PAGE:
Summer in Oklahoma typically means long stretches of hot, dry weather with a few brief spells of rain and storms. Ever since Tropical Depression dumped widespread 2” to 6” of rain in our area, the spigot has been shut off and the sun has reigned supreme day to day. This is a typical and much-needed dry spell for our swollen lakes, rivers and streams, but this quiet weather pattern is now gradually giving way to active weather yet again… just in time for the holiday weekend. Be sure to check ahead to your lake to make sure all planned recreation is open. Most lake levels are falling into a safe range at this time. Here's a look at current lake levels throughout the state.
We are in a common jet stream pattern we call “Northwesterly Flow,” meaning, the air aloft is moving from NW to SE. It’s an open door for cold fronts to make headway into our area, which can be a rare occurrence in the middle of summer due to a northward displaced jet stream. However, the pattern is causing a trough to dig into the Midwest, allowing our first sizable upper-level wave and associated surface cold front to settle into Oklahoma on Thursday. There’s no lack of heat and moisture, and with the cold front and upper-level support as a trigger, vigorous storm development is likely. This will be our first widespread chance of rain, storms and even severe weather in a while. While tornadoes aren’t likely, powerful winds and large hail will be common along a squall line of storms that will likely form from mid to late afternoon across the northern Oklahoma. Our heat may quickly give way to strong winds and torrential downpours so be aware of rapidly changing weather later on Thursday.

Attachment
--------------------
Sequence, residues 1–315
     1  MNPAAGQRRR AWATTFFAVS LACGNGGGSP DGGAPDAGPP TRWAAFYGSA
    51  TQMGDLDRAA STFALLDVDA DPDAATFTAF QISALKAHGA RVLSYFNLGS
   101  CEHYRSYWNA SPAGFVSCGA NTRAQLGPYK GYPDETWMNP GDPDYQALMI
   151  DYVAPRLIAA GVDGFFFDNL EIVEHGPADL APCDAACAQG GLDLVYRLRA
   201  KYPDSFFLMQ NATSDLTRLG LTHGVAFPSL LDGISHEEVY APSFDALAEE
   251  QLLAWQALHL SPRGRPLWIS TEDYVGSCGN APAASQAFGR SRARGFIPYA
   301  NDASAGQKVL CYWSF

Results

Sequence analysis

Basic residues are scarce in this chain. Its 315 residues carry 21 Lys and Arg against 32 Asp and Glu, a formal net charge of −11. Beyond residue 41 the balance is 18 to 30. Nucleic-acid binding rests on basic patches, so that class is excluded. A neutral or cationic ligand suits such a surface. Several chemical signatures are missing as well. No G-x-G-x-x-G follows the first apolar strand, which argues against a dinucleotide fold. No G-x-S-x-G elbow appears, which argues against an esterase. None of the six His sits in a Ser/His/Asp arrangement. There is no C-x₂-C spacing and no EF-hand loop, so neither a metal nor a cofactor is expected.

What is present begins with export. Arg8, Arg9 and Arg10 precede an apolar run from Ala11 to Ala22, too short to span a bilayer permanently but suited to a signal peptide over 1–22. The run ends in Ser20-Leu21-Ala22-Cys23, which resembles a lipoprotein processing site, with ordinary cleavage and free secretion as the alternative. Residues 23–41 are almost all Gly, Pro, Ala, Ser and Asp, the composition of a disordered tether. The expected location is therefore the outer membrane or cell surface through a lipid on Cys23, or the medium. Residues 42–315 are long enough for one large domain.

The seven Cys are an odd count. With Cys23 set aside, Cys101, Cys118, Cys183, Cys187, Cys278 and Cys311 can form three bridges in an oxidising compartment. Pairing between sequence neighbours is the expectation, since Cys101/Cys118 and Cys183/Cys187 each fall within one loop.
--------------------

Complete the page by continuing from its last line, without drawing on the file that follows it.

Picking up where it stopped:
That’s just the beginning of an unsettled stretch of weather that will last through the weekend. That frontal boundary will likely stall out in the area and as little ripples in that Northwesterly Flow pattern move across the state, new showers and storms will likely form. This means about at any given point Friday, Saturday and Sunday, you can’t rule out a round of rain or storms to impact your outdoor plans. It certainly won’t rain for that entire stretch. In fact, I would be surprised if the majority of the weekend had rain falling at any one spot. However, these rains may be heavy and could lead to flash flooding. At the very least, you’ll have some mud to contend with. It appears Saturday (the fourth) may actually have the least amount of showers and storms firing with only a very minor trigger for rain. However, I’d have a back-up plan when it comes to anything outdoors. If you’re debating whether or not to attend a fireworks display, I wouldn’t change your plans just yet. The positive news about the rain is that it will keep the risk of fires from errant fireworks down just a bit. While most of the storms will remain below severe limits, there will be enough available CAPE (instability) to cause pulse severe storms with hail and wind threats.
This wet pattern, that may drop a few inches of rain through the weekend in our area (see attached map), will probably come to a halt (at least briefly) by late Sunday as stronger ridging in the upper levels builds in again, sending the stormy zone back to the northeast. Another frontal boundary may try to shift in again midweek next week, but it’s often a big question mark that a front will end up making into Oklahoma in July. Climatology tends to side with keeping us dry and away from the storms when a ridge is present.